This pair of 20-something Liverpool natives does gorgeous covers of Beatles songs, among others, with Everly Brothers-type harmonies and a sweetness that transcends how this might be perceived. In less musical hands, this might be too precious, too coy, a couple of manic pixie dream girls wandering through their grandparent’s record collection. Instead, they really capture McCartney’s Tin Pan Alley / Broadway flirtations and it makes everything timeless. They’re a wonderful discovery while wandering down a random YouTube rabbit hole.
The temptation to wax nostalgic and try to capture something that never existed in the first place usually infects appreciations on their 50th anniversary. The Beatles were a rough club band from approximately 1960-1962, a polished touring and stadium act for the next five years, and something altogether different in their final three years as a quartet.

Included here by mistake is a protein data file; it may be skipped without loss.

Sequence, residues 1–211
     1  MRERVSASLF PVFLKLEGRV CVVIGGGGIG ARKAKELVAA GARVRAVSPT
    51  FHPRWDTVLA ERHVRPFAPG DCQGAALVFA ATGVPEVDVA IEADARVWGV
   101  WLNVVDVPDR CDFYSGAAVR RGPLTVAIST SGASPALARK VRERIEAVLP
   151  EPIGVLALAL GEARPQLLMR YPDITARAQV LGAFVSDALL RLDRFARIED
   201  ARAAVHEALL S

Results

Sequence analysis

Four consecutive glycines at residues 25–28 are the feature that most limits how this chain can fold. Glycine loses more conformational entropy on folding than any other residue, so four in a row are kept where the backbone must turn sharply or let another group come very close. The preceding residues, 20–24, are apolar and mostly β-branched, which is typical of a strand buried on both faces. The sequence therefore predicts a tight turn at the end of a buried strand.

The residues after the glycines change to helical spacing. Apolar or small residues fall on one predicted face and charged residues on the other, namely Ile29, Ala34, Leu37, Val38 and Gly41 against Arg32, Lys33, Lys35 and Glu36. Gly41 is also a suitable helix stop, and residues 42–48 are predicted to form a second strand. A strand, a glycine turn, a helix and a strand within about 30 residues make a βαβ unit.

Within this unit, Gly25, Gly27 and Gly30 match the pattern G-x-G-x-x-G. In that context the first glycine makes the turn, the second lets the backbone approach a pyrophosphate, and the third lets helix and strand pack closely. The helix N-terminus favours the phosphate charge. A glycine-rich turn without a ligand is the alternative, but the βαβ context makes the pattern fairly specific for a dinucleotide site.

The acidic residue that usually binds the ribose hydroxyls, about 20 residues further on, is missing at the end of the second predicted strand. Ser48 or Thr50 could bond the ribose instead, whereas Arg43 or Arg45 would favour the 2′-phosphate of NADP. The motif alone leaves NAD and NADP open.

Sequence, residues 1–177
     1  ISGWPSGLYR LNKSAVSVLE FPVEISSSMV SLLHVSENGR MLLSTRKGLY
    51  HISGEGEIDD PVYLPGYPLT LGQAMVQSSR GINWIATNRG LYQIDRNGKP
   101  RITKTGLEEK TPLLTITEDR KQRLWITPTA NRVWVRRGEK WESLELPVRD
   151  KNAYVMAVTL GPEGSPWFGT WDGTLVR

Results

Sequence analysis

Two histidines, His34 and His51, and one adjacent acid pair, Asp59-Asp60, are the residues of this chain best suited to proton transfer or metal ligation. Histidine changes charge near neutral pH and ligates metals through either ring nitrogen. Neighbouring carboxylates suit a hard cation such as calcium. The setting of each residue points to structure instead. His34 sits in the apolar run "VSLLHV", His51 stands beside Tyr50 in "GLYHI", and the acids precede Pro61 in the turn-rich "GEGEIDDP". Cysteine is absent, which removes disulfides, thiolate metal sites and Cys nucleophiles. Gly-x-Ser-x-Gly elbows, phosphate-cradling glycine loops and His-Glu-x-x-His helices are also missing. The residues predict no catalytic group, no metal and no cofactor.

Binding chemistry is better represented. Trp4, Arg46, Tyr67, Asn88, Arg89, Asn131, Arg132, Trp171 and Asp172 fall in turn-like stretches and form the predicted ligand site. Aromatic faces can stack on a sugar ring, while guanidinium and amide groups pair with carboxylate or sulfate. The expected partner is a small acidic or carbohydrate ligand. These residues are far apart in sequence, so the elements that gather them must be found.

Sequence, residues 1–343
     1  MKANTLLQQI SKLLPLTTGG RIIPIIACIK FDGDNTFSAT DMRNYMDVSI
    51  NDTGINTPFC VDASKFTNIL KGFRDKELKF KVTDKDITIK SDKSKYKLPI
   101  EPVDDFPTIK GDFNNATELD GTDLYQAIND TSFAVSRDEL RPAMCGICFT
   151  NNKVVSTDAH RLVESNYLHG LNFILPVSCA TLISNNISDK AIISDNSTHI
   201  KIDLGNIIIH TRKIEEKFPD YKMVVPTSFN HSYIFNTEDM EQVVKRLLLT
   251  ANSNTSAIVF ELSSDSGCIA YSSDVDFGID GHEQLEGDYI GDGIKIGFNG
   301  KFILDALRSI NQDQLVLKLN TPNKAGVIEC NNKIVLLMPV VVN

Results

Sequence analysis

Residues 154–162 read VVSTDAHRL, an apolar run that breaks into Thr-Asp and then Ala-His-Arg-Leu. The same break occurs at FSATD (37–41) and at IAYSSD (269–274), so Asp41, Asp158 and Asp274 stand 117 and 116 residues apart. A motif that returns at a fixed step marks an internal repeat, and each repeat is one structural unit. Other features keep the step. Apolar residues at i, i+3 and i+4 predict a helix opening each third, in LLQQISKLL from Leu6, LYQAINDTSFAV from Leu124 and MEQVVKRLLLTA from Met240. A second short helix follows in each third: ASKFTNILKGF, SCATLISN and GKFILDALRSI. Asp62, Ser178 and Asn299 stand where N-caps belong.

What we know about Sgt. Pepper’s Lonely Hearts Club Band will always be under layers of passing years, and none of the histories to be discovered will likely add more to our understanding. Completists will automatically flock to purchase the 2017 enhanced, limited edition 4CD/DVD release, even at a price of over $100. No matter the amount of original Beatles variations we can add to our collections, or the “Making Of” documentaries we can watch on an endless loop, the greatness of Sgt. Pepper’s Lonely Hearts Club Band will grow most effectively when yet another musician picks out the melody on guitar or piano and makes the songs their own.